Hibs’ dream of capping a memorable return to the top flight by taking second place evaporated in the cruellest of fashions, a rare derby defeat by Capital rivals.
The Easter Road side had gone into the fifth and final meeting of the season with their city rivals with that runners-up spot very much within their grasp.
But they let it slip, coming out second best to a pumped up Hearts side who, knowing they could finish no higher than sixth, were playing purely for the bragging rights which they will now enjoy over the summer months.
For Hibs, fourth is now the best the they can manage – barring victory over Rangers by the unlikely margin of six goals in Sunday’s final match of the season which would lift them the one place.
The defeat also saw a guaranteed place in Europe next season wrenched from them, leaving Neil Lennon’s players with their fingers crossed that Celtic can beat Motherwell in the Scottish Cup final and so help them out in that regard.
Hibs may have been enjoying a purple patch as far as Edinburgh derbies are concerned but Neil Lennon’s players pitched up at Tynecastle looking for their first win in Gorgie in five years.
Putting that record straight, while satisfying, would though be secondary to the impact the three points would have on the fight for second place in the Ladbrokes Premiership, Lennon underlining his intention of going for the win by failing to name one defender among his seven substitutes.
The Hibs boss also tweaked his formation, going to a flat back four while Brandon Barker replaced Australian striker Jamie Maclaren to give the Easter Road side width on the left with Martin Boyle charged with doing likewise on the opposite flank while Scott Allan tucked in behind Kamberi up front.
After the fuss made by Celtic boss Brendan Rodgers over the length of the grass at the weekend, the Tynie surface had enjoyed a pre-match trim, not that Lennon himself had been unduly concerned, reckoning the narrowness of the pitch and hostile atmosphere make it an awkward venue at any time.
As was expected, it was a frenetic start with referee Craig Thomson, taking charge of his final Capital derby, clamping down immediately but he needed all his experience to try to keep a lid on things as the match threatened to overheat.
Hibs were left furious as Joaquim Adao attempted to haul John McGinn to his feet after he had been left on the turf by a legitimate challenge from Demetri Mitchell, the midfielder still lying just outside Hearts penalty area as attention switched to the opposite end where Kyle Lafferty was high and late on Lewis Stevenson as he cleared.
The usual melee ensured, Lafferty was booked and Adao was lucky to escape with only a booking, but it was an indication of the potential for this match to erupt.
Other than a Barker shot which was comfortably held by Hearts goalkeeper Jon McLaughlin, there had been little in the way of goalmouth action up until that point. Hearts had loud shouts for a penalty claim waved away as Steven Naismith went down under Efe Ambrose’s challenge.
However, that was all forgotten as far as the home side were concerned when, seconds later, Stevenson was unaware of Lafferty behind him as Naismith’s pass came in his direction, a fatal lapse as the Hearts striker nicked the ball off him and rolled it beyond the helpless Ofir Marciano in the Hibs goal.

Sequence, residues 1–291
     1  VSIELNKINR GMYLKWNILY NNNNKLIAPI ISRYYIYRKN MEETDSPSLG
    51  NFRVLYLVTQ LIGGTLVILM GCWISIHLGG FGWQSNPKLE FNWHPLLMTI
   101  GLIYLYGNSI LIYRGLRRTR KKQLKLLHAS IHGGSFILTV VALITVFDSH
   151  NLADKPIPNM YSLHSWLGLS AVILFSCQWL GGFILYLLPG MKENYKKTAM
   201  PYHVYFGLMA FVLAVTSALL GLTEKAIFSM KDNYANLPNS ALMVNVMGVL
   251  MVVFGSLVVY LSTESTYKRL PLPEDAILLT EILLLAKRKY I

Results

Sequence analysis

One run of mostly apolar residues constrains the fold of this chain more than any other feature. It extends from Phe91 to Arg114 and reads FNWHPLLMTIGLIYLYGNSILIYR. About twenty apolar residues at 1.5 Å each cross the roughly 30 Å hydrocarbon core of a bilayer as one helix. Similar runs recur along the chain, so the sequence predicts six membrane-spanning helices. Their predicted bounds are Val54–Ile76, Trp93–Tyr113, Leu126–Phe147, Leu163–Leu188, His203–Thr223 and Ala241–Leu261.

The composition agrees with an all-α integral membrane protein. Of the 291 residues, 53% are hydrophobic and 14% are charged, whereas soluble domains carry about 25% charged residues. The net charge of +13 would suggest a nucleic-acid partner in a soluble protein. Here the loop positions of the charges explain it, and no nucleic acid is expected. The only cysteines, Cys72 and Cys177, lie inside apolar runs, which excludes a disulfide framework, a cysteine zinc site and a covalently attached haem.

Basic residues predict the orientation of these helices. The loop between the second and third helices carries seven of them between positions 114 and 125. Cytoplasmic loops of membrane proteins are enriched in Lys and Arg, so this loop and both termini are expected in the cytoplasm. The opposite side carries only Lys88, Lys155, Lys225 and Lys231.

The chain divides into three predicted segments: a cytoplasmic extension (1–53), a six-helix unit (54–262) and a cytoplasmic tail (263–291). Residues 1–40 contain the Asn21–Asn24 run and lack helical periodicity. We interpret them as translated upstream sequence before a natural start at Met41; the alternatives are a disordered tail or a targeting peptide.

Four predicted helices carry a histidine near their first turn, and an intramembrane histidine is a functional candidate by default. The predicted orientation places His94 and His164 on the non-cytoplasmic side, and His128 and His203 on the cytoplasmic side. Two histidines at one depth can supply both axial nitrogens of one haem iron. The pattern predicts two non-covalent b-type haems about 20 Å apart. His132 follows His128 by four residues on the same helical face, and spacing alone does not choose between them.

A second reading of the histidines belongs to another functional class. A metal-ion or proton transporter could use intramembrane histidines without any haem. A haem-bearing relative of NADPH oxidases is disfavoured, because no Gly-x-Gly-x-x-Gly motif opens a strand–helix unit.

It was a blow for Hibs and their aspirations but they needed to settle themselves and take a bit of the heat out of the game, Barker giving McLaughlin his first real test as he cut in from the left to unleash a shot which the goalkeeper pushed aside. However, they almost conceded a second when David Milinkovic shrugged Stevenson aside and fed the ball to Harry Cochrane, who looked certain to score until Darren McGregor stepped in to deflect his shot wide.
Hibs were forced into a change before half-time, Boyle limping off to be replaced by Dylan McGeouch, prompting a reshuffle with Allan pushed further right to allow the substitute to slot in alongside McGinn.
The break allowed Lennon to readjust again, going to a three at the back with Steven Whittaker moving right in the middle while Barker, up front, went through the middle with Kamberi. And within two minutes of the restart Hibs were level as Stevenson, seeking to make amends for that earlier aberration, charged down the left and into the Hearts penalty area where he was felled by Adao, Kamberi stepping up to hammer home the spot-kick in style.
It was just what Hibs needed, their bid for second place revived – but they weren’t level for long. Paul Hanlon found himself on the wrong side of Lafferty, his hand in the striker’s back drawing the foul which allowed Cochrane to deliver the ball at pace for Naismith to glance beyond Marciano and into the far corner of his net. Lennon again switched his pack, making a surprise change in replacing Hanlon with Maclaren as he reverted to a back four with Barker moving wide left again to allow the newcomer to partner Kamberi.
Lennon played his final card, replacing Allan with Vykintas Slivka and the Lithuanian internationalist almost immediately did the trick, setting off on a surging run before laying the ball off to Barker on his left but the winger took it a touch wide and fired high over the bar.
Hibs threw everything at it as six minutes were added to the regulation 90, Kamberi swivelling to fire one last effort wide.
It had, though, been a below-par performance from Hibs compared to the recent displays which had drawn such warming plaudits. What a night for that to happen, but amid the immediate disappointment, Lennon and his players can look back on a season with pride in the way in which, after a three-year exile in the Championship they’d returned to the top flight to produce so many memorable moments for their growing number of fans.